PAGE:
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What are FAQs and why do I need them?

November, 2022

No one likes to generate paperwork, but no one likes to be lost for words when answering the questions of a potential customer. Erica Jones, Account Director at PR, marketing and public affairs agency Maxim explains why frequently asked questions (FAQs) can be a valuable business tool, if you take the time to prepare and share them.

What are FAQs?

They are a list of questions and answers. They can relate to your whole organisation; they can also be more targeted, focusing on a particular product or activity. Both options can be useful. A good FAQs list will comprise a series of questions you are likely to be asked about X, with answers that can be used by your staff to help your customers make an informed decision.

Why do I need them?

You may know everything there is to know about X, and you may have had an all-hands briefing to make sure everyone else does, but what about employee A, who was dealing with a customer when you announced the optional extras? Or employee B, who was at home isolating with covid? Or employees C, D, E and F who were all really interested in your briefing but overwhelmed by how much there was to remember?

Being able to provide staff with a simple FAQs list will ensure they really do have all the information they need to talk about product or service X, even if it’s not their area of expertise. This will ensure their answers are consistent and will help to reassure customers that yours is a professional organisation.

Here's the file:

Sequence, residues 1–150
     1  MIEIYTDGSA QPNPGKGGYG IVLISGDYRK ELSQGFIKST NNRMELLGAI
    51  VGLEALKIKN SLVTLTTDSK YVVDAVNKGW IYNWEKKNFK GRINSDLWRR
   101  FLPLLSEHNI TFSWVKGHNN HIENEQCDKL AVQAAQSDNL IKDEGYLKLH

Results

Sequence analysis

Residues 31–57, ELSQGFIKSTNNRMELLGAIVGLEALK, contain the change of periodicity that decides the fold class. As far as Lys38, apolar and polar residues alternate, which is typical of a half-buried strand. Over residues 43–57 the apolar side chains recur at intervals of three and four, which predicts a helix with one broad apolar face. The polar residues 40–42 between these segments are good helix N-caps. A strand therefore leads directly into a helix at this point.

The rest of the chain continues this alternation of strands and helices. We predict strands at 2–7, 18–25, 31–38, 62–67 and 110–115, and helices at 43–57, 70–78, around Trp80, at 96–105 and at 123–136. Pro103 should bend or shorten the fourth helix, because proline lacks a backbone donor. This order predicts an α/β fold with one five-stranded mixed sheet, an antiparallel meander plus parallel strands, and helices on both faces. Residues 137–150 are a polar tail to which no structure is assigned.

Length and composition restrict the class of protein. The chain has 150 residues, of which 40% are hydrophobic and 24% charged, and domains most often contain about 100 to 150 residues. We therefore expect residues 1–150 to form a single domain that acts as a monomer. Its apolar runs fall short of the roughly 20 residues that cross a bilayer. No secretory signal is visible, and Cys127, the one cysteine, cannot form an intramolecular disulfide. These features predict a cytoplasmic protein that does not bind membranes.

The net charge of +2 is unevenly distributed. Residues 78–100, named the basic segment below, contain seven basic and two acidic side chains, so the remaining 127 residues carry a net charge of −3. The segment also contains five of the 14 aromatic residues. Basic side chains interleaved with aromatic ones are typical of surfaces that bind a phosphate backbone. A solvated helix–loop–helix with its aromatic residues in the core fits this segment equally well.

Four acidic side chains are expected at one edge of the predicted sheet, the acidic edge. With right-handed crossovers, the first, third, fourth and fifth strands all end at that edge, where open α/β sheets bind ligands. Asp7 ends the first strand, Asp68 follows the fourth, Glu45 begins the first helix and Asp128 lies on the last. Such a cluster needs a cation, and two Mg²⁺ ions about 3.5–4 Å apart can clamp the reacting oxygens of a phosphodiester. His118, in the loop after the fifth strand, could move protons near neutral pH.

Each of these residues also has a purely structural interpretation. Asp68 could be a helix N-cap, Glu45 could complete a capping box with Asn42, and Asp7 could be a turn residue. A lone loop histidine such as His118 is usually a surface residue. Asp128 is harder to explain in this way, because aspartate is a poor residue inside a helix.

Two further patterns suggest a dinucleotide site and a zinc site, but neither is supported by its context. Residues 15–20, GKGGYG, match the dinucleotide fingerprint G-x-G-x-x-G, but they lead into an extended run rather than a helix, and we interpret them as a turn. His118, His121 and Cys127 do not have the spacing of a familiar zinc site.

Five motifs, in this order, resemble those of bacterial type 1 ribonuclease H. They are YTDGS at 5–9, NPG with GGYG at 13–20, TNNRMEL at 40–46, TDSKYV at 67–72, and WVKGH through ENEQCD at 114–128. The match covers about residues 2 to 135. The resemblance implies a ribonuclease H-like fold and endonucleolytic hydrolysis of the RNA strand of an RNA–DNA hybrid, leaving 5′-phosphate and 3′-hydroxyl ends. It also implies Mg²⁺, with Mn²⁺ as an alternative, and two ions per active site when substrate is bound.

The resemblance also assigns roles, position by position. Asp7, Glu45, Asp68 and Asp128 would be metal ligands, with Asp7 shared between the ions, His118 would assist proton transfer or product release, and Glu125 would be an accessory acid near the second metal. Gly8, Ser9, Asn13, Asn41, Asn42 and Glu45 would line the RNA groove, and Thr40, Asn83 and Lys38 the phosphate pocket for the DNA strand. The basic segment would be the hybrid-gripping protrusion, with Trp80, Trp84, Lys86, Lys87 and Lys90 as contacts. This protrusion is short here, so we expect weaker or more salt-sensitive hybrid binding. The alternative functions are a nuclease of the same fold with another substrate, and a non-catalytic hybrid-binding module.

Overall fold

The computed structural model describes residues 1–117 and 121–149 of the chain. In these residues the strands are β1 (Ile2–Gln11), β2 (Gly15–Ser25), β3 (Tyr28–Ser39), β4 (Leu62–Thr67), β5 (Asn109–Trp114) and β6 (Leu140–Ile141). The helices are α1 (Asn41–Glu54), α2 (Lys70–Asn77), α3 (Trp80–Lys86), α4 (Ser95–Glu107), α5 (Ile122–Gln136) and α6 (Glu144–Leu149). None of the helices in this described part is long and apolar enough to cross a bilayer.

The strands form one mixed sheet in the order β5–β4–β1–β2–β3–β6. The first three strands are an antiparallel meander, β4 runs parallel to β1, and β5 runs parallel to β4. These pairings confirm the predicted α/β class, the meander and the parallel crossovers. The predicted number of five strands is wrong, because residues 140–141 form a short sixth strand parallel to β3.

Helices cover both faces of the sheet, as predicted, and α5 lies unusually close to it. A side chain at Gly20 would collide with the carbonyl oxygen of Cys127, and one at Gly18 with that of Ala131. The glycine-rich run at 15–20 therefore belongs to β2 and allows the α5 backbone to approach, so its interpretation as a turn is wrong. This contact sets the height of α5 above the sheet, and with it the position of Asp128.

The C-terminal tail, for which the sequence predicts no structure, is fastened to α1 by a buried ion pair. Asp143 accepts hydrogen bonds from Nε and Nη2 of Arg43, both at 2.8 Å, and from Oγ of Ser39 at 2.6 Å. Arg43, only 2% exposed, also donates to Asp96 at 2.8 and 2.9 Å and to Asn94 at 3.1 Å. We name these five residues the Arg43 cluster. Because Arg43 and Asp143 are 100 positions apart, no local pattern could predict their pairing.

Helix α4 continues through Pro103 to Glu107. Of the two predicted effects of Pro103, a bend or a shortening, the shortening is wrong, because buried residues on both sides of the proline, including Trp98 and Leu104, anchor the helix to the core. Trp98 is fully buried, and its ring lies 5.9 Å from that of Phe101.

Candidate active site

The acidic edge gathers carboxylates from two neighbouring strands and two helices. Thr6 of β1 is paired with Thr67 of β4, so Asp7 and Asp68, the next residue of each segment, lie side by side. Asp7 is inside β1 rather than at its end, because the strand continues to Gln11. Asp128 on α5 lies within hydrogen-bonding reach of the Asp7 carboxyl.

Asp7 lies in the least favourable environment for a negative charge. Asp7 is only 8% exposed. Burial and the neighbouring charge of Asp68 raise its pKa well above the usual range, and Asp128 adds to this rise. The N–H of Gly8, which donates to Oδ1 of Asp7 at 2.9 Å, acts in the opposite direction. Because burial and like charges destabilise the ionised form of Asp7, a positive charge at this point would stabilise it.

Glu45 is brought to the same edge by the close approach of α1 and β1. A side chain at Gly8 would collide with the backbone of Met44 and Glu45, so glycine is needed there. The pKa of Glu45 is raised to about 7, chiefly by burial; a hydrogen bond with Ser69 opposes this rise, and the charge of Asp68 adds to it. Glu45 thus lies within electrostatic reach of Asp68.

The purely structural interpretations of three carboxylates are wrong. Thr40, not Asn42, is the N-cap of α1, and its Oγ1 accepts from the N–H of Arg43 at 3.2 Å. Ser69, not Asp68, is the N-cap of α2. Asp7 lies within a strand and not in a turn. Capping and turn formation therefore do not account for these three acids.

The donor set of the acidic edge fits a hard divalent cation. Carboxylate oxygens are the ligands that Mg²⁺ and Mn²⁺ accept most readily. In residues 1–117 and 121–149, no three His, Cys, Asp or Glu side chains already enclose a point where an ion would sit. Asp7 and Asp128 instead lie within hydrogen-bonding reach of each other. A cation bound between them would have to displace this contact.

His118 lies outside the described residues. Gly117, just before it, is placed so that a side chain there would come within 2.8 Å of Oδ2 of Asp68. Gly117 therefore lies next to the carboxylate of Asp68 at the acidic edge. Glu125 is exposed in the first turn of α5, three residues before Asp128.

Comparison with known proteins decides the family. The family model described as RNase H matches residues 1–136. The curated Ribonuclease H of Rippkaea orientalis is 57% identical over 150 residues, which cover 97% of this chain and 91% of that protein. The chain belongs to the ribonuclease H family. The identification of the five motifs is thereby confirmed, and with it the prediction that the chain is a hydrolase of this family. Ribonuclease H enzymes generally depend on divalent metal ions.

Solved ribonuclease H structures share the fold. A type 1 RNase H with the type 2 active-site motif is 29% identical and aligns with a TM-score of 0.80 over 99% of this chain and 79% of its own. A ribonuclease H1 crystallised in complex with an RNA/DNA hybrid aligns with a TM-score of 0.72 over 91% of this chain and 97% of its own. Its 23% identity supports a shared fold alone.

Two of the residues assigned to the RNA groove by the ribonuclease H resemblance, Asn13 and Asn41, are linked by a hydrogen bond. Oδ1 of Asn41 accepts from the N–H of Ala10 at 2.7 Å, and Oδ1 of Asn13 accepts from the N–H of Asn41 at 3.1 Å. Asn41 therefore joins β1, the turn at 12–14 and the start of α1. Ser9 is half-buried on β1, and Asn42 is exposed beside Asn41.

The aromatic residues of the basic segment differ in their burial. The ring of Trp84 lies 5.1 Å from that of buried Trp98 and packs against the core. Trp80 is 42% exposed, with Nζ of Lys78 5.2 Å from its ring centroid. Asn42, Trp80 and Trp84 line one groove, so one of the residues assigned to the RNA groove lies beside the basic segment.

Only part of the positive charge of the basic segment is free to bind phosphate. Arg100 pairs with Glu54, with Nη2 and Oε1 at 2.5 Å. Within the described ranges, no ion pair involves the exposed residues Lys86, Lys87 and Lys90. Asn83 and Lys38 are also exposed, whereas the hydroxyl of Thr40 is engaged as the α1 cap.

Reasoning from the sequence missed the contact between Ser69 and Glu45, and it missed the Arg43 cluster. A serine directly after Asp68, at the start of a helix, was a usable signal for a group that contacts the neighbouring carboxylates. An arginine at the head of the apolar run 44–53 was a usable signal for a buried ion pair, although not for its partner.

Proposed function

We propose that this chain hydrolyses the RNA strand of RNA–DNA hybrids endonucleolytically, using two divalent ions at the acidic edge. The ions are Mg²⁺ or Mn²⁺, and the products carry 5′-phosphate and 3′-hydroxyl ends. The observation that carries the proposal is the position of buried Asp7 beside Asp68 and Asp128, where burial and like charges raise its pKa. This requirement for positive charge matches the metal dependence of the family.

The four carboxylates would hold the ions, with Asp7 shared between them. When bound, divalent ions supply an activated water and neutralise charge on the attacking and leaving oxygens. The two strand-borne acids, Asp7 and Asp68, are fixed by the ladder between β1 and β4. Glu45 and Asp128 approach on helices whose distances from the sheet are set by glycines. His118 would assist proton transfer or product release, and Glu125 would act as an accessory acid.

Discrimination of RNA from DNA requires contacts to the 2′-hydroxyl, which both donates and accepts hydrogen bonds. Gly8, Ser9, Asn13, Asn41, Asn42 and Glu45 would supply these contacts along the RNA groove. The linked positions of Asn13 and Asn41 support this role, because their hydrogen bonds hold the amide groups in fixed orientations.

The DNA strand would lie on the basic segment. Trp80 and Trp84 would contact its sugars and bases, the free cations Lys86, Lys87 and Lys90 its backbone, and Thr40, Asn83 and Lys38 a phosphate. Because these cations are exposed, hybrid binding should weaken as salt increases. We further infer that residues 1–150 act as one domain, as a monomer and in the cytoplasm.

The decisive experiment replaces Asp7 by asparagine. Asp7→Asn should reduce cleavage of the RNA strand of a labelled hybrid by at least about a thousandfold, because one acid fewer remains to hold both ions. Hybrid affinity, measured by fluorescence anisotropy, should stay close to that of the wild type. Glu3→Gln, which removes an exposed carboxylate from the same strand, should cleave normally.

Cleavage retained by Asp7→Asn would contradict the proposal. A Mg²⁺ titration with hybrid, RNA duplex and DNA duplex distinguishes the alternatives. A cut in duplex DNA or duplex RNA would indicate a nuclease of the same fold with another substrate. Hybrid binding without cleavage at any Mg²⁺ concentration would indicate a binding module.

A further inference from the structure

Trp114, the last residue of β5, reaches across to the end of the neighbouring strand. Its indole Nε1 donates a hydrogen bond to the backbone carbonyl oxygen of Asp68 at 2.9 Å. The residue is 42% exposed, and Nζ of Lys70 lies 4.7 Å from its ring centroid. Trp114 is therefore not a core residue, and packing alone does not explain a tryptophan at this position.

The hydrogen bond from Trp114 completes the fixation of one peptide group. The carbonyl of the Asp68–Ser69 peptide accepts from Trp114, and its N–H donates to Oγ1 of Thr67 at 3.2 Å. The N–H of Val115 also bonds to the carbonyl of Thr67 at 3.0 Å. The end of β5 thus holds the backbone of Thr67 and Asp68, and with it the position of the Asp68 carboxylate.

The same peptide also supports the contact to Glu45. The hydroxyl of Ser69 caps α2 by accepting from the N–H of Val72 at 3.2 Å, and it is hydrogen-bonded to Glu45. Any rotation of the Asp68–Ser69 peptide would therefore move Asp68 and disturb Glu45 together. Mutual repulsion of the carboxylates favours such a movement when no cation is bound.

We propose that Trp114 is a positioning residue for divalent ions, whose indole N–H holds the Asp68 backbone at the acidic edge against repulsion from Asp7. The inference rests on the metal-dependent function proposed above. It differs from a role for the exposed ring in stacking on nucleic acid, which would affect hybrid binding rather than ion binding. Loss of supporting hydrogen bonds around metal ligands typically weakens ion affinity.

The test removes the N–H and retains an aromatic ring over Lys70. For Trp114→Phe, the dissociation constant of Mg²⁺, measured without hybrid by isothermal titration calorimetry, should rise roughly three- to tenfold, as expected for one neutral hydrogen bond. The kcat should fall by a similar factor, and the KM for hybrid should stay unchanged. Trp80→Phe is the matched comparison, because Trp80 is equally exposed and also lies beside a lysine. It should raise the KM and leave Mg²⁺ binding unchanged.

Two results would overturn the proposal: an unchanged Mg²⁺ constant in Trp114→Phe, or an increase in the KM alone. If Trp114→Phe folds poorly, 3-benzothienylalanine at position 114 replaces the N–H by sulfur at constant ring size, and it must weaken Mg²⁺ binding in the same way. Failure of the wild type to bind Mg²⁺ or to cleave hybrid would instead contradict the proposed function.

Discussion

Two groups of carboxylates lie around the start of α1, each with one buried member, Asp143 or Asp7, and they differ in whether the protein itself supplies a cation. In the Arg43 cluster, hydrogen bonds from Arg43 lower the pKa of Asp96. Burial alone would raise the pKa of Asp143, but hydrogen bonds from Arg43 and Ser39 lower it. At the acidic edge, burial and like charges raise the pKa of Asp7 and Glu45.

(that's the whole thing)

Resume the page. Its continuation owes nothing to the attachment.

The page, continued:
But what if my FAQs get into the public domain?

Then your customers will have the answers before they’ve needed to ask the question. A well-prepared set of FAQs isn’t something sinister or secret, it is simply a tool for collating information to be shared, in fact many organisations post FAQs on their website. I’d always rather work through questions in conversation, but it should never be considered a bad thing to provide your customers with the information they need to make an informed decision.

It seems like a big job, where do I start?

I’ll admit, a blank sheet of paper can be daunting, but for FAQs there’s a simple guide. Start your list by asking: What? Why? Where? Who? How?

Depending on your topic, not all of those questions may be relevant, but they are a good starting point: What is X? Why is it a good thing? Where do I use it/try it? Who will use or deliver it? How do I use it? Are some of the ways those questions can be applied. 

Once you’ve started your list, you start answering your questions. This will then, potentially, prompt further questions. The important thing is to have a bit of a brain dump of information that you can sort into sensible answers.

How long should my answers be?

This is a piece of string question, however I’d advise keeping them as brief as possible. If you find you really need 500 words for one answer, look over the answer and see if it can be broken down into a series of questions under one theme. Think of the questions as signposts for your staff to jump between as they search for the information they need.

I have my list, now what do I do?

You share it with your staff. Print it for the staff noticeboard, email it to all customer-facing staff, add it to your intranet, or even put it on the company website. You have a useful list of information, you need to make sure it’s used.

You also need to keep it up-to-date. Revisit the list after a few sales, to consider if any additional questions need adding. Or after an upgrade, when the specification may have changed and customers may appreciate comparative details. 

Is there anything else I need to know?

Don’t be afraid to add a final “anything” question, tying up those lose ends that don’t easily fit into any other topic. 

This article originally appeared in Kent Director in October 2022.


Erica Jones - Account Director

Erica Jones

Maxim / Account Director

posted in: advice, marketing, media relations, public relations,

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